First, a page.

Considering everything that is going on in the world right now, selling your home can seem like a monumental task. To help you understand the ways circumstances outside of your control may impact the sale of your home, let’s see what the end of the foreclosure moratorium will mean for home sellers in Broadview Heights.
What Is the Foreclosure Moratorium?
On March 18th, 2020, the United States federal government put in place a temporary halt to both new and existing real estate foreclosures on single-family properties financed through mortgages insured by the Federal Housing Administration.
The order is part of the Coronavirus Relief and Economic Security Act, or CARES Act, and was specifically designed to provide relief to individuals and families under increased financial stress due to ongoing complications involving the nationwide Covid-19 outbreak. Originally scheduled to expire earlier in 2020, the foreclosure moratorium was extended through December 31st, 2020.
It’s important to note that the foreclosure moratorium states that any individuals able to continue paying their mortgage or rent should continue to do so, or at least to the best of their ability. The Federal Housing Administration also strongly urges distressed tenants and residents to clearly and thoroughly have a good-faith discussion with their lender or landlord to work out the best payment plan moving forward.
How Is the Market Affected?
With the foreclosure moratorium scheduled to expire at the end of the year, many current home sellers are looking to complete any transactions prior to the expiration due to the potential for market instability and the uncertainty that may follow.
After the moratorium has been allowed to expire, there may be a large increase in foreclosure court filings. There recently has been an increase in foreclosure court filings for homes not covered by the moratorium in certain states, but this may not be an indicator of a more pervasive trend in the future.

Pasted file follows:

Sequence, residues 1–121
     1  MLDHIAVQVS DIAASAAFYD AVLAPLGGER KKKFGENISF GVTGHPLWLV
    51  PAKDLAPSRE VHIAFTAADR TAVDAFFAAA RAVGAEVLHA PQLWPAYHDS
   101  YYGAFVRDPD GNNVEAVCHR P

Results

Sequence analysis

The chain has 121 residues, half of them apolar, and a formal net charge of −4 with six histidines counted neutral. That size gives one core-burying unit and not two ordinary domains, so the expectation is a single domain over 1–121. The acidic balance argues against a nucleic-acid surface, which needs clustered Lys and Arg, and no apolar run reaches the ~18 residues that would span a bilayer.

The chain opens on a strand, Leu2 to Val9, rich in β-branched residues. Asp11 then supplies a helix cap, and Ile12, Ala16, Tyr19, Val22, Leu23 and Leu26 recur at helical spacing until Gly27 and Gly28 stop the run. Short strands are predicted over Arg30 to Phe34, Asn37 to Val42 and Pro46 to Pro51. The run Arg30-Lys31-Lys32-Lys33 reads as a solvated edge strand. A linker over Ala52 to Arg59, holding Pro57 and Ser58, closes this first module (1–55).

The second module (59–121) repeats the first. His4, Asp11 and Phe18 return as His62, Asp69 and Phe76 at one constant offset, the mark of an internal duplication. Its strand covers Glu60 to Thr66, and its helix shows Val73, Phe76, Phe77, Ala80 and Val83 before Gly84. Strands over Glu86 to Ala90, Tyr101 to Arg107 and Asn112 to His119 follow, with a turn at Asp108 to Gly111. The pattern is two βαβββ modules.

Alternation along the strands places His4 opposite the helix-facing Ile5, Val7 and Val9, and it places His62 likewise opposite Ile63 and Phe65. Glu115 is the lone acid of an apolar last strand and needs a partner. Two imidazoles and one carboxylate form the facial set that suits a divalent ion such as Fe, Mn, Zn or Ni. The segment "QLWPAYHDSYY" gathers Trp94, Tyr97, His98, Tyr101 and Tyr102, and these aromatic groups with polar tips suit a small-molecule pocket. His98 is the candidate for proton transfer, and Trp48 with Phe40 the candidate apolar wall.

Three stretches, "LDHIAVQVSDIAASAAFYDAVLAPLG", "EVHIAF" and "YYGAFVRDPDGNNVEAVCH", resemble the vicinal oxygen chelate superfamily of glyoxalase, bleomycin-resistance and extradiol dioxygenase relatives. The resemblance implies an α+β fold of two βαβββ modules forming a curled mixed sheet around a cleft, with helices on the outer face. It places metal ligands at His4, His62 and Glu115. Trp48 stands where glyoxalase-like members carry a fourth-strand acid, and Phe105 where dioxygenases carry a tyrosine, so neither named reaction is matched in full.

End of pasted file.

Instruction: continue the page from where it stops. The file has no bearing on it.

In the event that the moratorium expires and foreclosures increase rapidly, you can expect a real estate market populated by properties for sale under the ownership of the mortgage companies. In these cases, it’s likely the mortgage companies will want to reduce their losses on the properties as much as possible, while also offloading the properties as quickly as possible.
The potential danger to your home sale in this situation is if the mortgage companies are simply looking to slash prices, dump the properties to squeeze any value they can out of them by cutting their losses, and leave your local property values in a downturn.
A scenario like this would likely have long term local consequences since home prices, property values, and even individual property taxes are eventually in part determined by the recent sale prices of equivalent homes in your local area.
However, do keep in mind that in order for the moratorium to expire it has to be allowed to expire, and it’s unlikely a federal governmental body would willingly allow the above set of circumstances to run their course.
What Can I Do?
As an individual home seller in a much larger market, the best thing you can do is what you should always do when trying to sell your property: Take exceptional care of the property, price it reasonably, listen to the recommendations of your agent, do your best to accommodate showings, and be willing to both give and take during negotiations.
The foreclosure moratorium is currently in place to assist those finding themselves in need due to circumstances unprecedented in modern history, and those in charge hold the responsibility to maintain as much normalcy for those people while they ride out this hardship. Remind yourself of the worthwhile property you’re bringing to market, and how it can better the lives of those who show interest in it.